In its few years of existence, the Tea Party has happily wormed its way into the main arteries of American political power.  Hertzberg offers an apt metaphor of this tea as a new wonder drug, “injected into the scarred veins” of the GOP, which has quickly become addicted to this mainlined source of entranced, stupified frenzy.

“Now the Democrats are hoping the drug might be available as a generic,” Hertzberg continues, eying the Occupy movement as a way to enliven its own moribund political base.

I firmly hope that the Occupy movement does not allow itself to be used in this way by the political establishment, and I think it’s a reasonable, if remarkable, hope.

Remarkable because for so long Americans have been asleep, indifferent or unaware of what Hertzberg calls “the astounding growth of what can fairly be called plutocracy.”

Why it took so long for the sleeping giant of American popular opinion to wake up is a question for historians of the turn of the 21st century to ponder.

Why is it that Americans have been voting against their own class interests so long?  Why is the persistent myth of American equality, liberty and justice for all so teflon-coated?

We all want to believe that our country represents the moral high ground in the world, and that our leaders in government are as invested in upholding our idealism as we are.

Our public education system, which is responsible for the education of a great portion of the 99%, aids and abets this self-delusion by giving students the most doctrinaire and uncritical version of American history and civics, and teaching docility and proficiency at standardized testing above all.

Our media doesn’t help much; with the exception of a few poorly funded but stalwart independent outlets, the vast social landscape of contemporary media is focused at best on distraction, and very often on outright deception.

Under the pressures of this kind of social conditioning, it’s remarkable that the young idealists in the Occupy movement have had such success in galvanizing the country to wake up, shake ourselves, and stare around us with new eyes.

Hertzberg obviously intends his column as a signpost for the Occupy movement, pointing towards Washington D.C. as a more important battleground than Wall Street.  “Ultimately, inevitably, the route to real change has to run through politics,” he concludes; “the politics of America’s broken, god-awful, immutably two-party electoral system, the only one we have.”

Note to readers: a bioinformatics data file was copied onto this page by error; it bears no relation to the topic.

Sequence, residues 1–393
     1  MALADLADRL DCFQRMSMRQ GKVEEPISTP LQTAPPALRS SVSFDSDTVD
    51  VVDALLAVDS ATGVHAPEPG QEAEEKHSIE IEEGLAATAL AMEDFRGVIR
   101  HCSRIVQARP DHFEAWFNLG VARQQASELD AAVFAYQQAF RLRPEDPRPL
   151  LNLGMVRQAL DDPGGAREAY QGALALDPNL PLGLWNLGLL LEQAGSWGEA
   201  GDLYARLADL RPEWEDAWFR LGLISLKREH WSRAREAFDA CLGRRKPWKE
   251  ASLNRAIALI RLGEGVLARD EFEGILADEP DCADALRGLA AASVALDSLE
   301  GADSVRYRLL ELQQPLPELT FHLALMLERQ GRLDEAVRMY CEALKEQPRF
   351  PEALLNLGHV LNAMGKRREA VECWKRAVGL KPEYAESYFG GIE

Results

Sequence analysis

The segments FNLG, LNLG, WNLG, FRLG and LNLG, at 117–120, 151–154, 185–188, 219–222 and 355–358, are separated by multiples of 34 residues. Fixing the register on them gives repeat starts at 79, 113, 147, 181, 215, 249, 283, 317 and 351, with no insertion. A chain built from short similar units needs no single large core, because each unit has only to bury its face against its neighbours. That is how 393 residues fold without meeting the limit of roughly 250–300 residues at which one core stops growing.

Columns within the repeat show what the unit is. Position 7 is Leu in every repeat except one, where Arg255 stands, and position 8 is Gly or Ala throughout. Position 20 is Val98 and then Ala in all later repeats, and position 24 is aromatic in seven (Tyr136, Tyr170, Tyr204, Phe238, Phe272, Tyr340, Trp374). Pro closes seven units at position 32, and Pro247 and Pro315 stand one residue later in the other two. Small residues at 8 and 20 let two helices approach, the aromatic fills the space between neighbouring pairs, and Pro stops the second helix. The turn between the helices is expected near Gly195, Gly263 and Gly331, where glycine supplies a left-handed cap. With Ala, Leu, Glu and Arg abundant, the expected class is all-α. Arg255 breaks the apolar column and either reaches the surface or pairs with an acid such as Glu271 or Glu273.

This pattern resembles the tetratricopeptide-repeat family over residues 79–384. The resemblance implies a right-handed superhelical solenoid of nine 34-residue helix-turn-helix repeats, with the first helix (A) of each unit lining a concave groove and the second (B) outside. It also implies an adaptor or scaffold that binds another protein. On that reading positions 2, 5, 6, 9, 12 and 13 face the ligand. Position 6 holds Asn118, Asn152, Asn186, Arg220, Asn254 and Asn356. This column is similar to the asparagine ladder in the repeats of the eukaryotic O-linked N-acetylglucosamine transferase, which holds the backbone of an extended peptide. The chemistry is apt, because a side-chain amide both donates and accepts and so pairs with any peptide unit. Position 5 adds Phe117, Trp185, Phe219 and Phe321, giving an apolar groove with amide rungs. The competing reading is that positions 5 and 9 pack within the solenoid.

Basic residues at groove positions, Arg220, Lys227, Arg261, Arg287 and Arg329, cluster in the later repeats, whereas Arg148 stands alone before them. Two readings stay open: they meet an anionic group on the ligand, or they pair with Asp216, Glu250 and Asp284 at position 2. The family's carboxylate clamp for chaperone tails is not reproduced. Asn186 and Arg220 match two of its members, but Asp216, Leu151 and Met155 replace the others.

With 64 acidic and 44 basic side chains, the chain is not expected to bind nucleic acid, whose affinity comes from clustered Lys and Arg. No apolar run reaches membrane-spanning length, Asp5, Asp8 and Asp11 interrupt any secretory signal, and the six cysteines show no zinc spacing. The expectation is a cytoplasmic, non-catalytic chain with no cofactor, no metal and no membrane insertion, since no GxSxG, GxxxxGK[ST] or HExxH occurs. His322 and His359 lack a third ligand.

Here is a glaring example of the kind of civics mis-education that has made our country so hard to reform over the years.

Who says our political system is limited to two parties?  Or at least, to the two parties we have now?

The Republicans and the Democrats have shown themselves to be chronically unable to lead this country out of the morass of special interests and ruthless corporate-driven capitalism that has bulldozed right over our cherished ideals of equality, not to mention the sacred ecological web that forms the real foundation of all our wealth and prosperity.

The Occupy movements are showing their intelligence in shying away from engagement with the established political system.  If anything, their political allies are more likely to be found in those perennial political organizations that have always camped out on the fringes of our electoral parks: the Green Parties or the Rainbow Coalitions.

Remember Ralph Nader, for example?  Remember how Big Media colluded with the established parties in denying so-called “outside” candidates a seat at the table at the televised Presidential debates?

This year the Ralph Naders of the political world have suddenly swelled their ranks dramatically, but without the figurehead of a single leader at the head of the crowd.  As Nader knows only too well, one man at the head of a true opposition movement is open to all the slings and arrows that the establishment can muster.  Even Gore and Kerry have felt the force of the muddy vomit pitched their way out of the far-right Republican swampland.

Far better for the Occupy movements to stay plural and collective, strong in the anonymity of the multitudes.  Those of us who are serious about doing more than simply rearranging the deck chairs on the great hulking Titanic of American politics realize that “America’s broken, god-awful, immutably two-party electoral system” is exactly what has to go.

OK, Hendrik, it may be the only one we HAVE HAD, but now the veil has been torn down, the people are awake, and we realize that another world is possible.  As Arundhati Roy famously put it, “on a clear day, I can hear her breathing.”

That clear day has dawned.

%d bloggers like this: